Environmental Factor, September 2008, National Institute of Environmental Health Sciences
A Fond Farewell to Ben Van Houten
By Eddy Ball
When his friends and colleagues decided to mark the departure of Ben Van Houten to his new position at the University of Pittsburgh, they decided to go all out. The more than 200 people who gathered in the NIEHS Cafeteria on July 30 found a wide range of refreshments lining the central buffet bar, decorations and a carefully planned program of reflection and tribute— along with the kind of roast that has come to characterize farewell parties sponsored by the NIEHS Division of Extramural Affairs (DERT).
Opening speaker Pat Mastin set the tone for the roasting portion of the event, “Where’s Ben,” with a Vaudeville play on several mispronunciations of Van Houten’s name — pretending that because he’d seen Van Houten so infrequently around DERT, he couldn’t quite remember the name. When he passed the baton to sidekick Jerry Phelps, Phelps showed a series of doctored images and captioned photos. In the course his routine, Phelps delivered a salvo of one-liners at the expense of Van Houten and the many DERT colleagues caught in his wide-cast net of good-natured ribbing.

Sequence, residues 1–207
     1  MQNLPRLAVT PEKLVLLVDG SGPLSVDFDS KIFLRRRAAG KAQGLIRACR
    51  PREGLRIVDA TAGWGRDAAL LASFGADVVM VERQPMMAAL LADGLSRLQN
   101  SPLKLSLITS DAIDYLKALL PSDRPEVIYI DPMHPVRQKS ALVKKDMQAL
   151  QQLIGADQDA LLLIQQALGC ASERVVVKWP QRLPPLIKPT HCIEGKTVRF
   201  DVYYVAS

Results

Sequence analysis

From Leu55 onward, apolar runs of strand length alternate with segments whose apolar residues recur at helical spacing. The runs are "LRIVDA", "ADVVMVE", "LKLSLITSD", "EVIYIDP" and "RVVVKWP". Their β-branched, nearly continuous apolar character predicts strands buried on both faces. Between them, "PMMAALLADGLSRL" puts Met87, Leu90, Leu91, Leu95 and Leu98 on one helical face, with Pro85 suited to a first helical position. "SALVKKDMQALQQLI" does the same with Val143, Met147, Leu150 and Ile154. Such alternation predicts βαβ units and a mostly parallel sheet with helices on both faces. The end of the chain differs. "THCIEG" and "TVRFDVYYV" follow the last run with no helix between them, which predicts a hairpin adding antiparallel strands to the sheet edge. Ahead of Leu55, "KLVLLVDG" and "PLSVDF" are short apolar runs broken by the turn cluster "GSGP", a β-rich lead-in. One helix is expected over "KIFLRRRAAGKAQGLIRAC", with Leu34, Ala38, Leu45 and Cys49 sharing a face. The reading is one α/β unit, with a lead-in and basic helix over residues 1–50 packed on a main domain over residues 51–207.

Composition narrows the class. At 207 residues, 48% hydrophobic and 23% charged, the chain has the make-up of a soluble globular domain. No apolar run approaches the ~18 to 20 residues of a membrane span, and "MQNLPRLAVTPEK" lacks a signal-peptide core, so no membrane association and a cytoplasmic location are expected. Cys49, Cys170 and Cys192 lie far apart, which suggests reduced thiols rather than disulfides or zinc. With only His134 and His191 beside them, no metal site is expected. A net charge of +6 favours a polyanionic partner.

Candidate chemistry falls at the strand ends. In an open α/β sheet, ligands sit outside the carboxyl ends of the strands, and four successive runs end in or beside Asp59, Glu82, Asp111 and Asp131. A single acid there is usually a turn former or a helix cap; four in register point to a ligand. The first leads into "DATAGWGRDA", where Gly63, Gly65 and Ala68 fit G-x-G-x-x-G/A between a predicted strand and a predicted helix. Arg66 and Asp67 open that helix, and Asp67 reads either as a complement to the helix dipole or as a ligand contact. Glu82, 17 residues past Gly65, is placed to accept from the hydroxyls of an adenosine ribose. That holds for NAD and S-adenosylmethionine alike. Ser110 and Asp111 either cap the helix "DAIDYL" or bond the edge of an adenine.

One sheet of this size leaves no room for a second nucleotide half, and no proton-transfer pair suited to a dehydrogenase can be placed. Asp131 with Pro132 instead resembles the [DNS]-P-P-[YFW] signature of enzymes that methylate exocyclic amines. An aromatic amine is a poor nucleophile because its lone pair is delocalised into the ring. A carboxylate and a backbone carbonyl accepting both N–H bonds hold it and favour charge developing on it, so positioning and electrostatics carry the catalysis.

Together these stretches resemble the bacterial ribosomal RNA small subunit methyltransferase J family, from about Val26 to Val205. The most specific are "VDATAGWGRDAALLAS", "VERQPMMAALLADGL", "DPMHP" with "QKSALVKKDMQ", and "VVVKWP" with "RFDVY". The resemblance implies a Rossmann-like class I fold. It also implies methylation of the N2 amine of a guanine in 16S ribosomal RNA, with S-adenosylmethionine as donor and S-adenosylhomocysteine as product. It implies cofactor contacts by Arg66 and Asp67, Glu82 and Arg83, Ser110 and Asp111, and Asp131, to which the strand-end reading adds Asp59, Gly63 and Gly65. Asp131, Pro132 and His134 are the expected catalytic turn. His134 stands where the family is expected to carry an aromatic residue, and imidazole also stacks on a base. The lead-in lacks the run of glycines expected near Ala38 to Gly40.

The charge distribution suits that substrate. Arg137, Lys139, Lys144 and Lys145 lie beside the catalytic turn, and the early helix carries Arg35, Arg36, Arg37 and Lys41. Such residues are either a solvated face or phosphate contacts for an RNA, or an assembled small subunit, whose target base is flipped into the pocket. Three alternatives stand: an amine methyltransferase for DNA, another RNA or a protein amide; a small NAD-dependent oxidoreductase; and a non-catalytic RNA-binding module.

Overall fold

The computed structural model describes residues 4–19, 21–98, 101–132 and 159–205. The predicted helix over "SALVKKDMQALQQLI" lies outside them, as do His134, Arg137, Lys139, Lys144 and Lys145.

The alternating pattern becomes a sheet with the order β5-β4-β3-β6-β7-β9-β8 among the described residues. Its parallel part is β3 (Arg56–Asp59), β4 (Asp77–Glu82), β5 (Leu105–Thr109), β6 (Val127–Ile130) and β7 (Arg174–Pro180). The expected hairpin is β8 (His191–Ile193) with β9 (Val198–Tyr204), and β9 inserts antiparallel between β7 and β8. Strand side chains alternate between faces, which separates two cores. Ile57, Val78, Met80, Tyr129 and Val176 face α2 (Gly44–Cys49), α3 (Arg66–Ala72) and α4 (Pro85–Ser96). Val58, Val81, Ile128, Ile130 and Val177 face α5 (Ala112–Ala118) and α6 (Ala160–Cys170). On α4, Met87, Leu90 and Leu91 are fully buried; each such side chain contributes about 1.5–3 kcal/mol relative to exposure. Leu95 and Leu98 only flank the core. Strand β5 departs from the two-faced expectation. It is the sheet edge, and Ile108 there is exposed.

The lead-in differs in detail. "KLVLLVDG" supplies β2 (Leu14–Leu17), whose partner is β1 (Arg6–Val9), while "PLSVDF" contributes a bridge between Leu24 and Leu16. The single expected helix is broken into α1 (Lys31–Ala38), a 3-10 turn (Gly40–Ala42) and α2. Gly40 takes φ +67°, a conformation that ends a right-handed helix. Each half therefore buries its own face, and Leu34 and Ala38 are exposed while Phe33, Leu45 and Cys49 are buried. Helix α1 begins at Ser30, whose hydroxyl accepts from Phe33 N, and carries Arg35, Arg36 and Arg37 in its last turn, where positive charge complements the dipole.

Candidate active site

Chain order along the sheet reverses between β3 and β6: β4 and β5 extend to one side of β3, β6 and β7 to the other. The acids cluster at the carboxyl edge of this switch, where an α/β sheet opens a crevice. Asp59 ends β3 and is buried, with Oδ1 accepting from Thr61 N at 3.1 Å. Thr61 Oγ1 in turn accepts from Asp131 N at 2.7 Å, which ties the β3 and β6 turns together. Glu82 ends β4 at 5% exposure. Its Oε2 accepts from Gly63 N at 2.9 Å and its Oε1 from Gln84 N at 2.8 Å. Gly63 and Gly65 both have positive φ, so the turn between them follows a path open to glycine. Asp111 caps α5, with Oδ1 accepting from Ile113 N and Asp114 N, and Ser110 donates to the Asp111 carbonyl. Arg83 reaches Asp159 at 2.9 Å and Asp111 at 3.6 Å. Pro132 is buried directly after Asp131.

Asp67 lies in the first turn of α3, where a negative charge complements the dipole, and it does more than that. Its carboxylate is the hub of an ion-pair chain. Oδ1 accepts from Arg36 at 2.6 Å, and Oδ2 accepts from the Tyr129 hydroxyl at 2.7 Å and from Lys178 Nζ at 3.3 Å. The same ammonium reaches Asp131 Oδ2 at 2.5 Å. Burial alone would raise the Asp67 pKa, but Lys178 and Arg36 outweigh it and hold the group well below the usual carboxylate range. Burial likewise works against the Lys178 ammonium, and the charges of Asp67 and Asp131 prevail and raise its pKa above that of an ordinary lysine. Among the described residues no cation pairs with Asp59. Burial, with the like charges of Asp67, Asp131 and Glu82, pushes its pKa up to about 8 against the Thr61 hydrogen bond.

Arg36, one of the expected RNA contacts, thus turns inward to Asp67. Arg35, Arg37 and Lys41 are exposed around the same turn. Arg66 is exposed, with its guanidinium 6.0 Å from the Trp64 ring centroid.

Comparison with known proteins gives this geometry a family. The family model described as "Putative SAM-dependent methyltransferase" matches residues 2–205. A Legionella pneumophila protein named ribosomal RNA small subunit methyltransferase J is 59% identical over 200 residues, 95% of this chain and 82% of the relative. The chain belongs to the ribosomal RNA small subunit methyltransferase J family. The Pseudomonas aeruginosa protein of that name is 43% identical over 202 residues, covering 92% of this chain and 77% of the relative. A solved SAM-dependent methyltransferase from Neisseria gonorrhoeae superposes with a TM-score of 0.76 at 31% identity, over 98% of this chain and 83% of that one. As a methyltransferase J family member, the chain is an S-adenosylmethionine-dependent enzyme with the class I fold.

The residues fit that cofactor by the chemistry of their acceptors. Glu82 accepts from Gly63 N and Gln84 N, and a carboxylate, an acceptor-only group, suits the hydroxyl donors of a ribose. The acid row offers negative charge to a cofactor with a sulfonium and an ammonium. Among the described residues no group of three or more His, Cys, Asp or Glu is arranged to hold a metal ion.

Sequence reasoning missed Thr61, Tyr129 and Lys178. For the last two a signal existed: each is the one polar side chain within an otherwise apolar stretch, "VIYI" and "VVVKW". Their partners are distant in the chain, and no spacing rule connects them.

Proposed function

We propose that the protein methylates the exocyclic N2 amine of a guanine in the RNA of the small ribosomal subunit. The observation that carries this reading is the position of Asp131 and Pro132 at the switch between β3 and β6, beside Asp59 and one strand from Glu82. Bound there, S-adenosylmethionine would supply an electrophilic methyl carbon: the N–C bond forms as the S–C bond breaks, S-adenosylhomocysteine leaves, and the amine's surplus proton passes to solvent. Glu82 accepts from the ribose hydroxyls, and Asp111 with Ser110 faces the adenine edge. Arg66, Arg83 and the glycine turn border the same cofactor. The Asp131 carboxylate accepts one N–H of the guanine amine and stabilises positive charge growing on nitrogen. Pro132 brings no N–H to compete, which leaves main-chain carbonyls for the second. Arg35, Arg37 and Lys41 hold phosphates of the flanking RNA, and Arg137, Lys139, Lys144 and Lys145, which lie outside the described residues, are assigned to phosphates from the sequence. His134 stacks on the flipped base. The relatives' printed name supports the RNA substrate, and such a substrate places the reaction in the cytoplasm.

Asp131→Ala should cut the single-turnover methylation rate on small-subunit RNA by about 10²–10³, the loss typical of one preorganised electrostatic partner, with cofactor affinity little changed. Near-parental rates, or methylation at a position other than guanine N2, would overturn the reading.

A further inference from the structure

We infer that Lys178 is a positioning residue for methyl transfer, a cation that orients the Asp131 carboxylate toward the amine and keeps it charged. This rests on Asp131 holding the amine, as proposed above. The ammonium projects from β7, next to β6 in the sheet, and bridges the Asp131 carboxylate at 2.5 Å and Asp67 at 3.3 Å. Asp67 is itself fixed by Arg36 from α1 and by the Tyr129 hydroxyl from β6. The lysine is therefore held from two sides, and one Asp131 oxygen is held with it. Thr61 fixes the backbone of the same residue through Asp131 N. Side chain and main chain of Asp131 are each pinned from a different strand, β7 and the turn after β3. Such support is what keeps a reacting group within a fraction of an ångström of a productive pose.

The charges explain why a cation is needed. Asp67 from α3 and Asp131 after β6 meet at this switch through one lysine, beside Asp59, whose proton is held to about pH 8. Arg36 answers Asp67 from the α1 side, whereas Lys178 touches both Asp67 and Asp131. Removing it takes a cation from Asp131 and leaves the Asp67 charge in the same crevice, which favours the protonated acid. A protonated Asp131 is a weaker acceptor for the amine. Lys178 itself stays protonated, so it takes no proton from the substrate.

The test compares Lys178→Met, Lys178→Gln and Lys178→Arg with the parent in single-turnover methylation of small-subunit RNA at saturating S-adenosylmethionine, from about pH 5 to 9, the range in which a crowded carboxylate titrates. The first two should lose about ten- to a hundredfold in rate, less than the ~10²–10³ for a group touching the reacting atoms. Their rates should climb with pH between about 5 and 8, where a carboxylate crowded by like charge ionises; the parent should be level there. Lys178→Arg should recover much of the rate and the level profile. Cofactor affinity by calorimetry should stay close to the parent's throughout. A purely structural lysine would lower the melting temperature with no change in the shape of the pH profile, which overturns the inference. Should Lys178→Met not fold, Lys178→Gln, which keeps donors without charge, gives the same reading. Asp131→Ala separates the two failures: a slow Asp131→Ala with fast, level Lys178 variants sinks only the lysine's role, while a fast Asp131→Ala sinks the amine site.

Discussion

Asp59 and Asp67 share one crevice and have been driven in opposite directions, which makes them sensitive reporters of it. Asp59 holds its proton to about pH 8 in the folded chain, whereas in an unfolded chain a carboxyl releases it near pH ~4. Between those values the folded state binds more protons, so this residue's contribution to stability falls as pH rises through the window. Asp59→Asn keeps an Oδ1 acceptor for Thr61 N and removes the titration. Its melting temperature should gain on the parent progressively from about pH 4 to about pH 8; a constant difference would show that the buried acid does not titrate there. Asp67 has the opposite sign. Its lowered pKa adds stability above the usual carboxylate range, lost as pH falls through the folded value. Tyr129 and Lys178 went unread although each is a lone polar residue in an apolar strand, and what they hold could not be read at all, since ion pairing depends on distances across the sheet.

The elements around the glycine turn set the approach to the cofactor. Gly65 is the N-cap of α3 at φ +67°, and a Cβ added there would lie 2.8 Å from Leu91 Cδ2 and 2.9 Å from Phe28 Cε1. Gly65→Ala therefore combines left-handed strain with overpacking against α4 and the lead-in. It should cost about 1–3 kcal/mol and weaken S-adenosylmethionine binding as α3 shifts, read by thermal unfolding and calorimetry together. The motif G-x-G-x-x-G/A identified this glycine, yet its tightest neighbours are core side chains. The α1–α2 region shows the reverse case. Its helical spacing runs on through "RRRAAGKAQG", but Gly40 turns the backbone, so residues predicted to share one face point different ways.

The event took on a more serious tone as colleagues looked back on their work with Van Houten over his nine-year career at NIEHS. Former DERT Director Anne Sassaman, reflected on how seamlessly Van Houten had settled into his dual roles at NIEHS to develop a system for evaluating research publications that is now enterprise-wide at NIH. She was followed by Jan Drake, Tom Kunkel, Dennis Lang, Mike Resnick, Rick Paules and Astrid Haugen, a former lab manager in Van Houten’s group and later a fellow analyst in DERT.
Each of the speakers praised Van Houten as a polymath who is accomplished in scientific fields ranging from bibliometric analysis, C.elegans, mitochondrial disease and DNA repair to the technical intricacies of omics methodologies and microarray analysis. Several described him as a “star” and a “heavy hitter” in the field of environmental health sciences.
Like the speakers who preceded him, NIEHS Acting Director Sam Wilson praised Van Houten’s work, calling him an “extremely broad individual, but at the same time able to go into depth in his analysis of science in all of his areas of interest.” Wilson also paid tribute to his personal friendship with Van Houten and pledged to nurture it despite the physical distance that will separate them.
Van Houten was visibly moved as he referred to his “mixed emotions” about leaving his NIEHS family of friends and colleagues for a “dream come true” at a major medical center. He said he will always be grateful for “how very good NIEHS has been to me and how very much I’ve learned here.” On a lighter note, Van Houten added, “As families go, OK, maybe NIEHS is a little dysfunctional, but a great warm family all the same.”